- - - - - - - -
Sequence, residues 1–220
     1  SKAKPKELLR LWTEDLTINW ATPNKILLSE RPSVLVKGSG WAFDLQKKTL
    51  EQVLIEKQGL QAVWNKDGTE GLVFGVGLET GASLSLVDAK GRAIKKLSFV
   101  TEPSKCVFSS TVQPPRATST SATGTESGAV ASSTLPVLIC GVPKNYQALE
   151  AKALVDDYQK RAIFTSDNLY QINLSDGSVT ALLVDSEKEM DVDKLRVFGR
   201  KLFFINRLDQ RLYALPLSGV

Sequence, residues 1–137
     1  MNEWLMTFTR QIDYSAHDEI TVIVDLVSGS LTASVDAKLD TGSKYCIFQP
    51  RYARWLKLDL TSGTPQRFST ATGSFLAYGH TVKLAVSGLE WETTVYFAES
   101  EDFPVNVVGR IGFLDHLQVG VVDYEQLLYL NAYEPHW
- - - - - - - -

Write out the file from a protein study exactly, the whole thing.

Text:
Sequence, residues 1–220
     1  SKAKPKELLR LWTEDLTINW ATPNKILLSE RPSVLVKGSG WAFDLQKKTL
    51  EQVLIEKQGL QAVWNKDGTE GLVFGVGLET GASLSLVDAK GRAIKKLSFV
   101  TEPSKCVFSS TVQPPRATST SATGTESGAV ASSTLPVLIC GVPKNYQALE
   151  AKALVDDYQK RAIFTSDNLY QINLSDGSVT ALLVDSEKEM DVDKLRVFGR
   201  KLFFINRLDQ RLYALPLSGV

Sequence, residues 1–137
     1  MNEWLMTFTR QIDYSAHDEI TVIVDLVSGS LTASVDAKLD TGSKYCIFQP
    51  RYARWLKLDL TSGTPQRFST ATGSFLAYGH TVKLAVSGLE WETTVYFAES
   101  EDFPVNVVGR IGFLDHLQVG VVDYEQLLYL NAYEPHW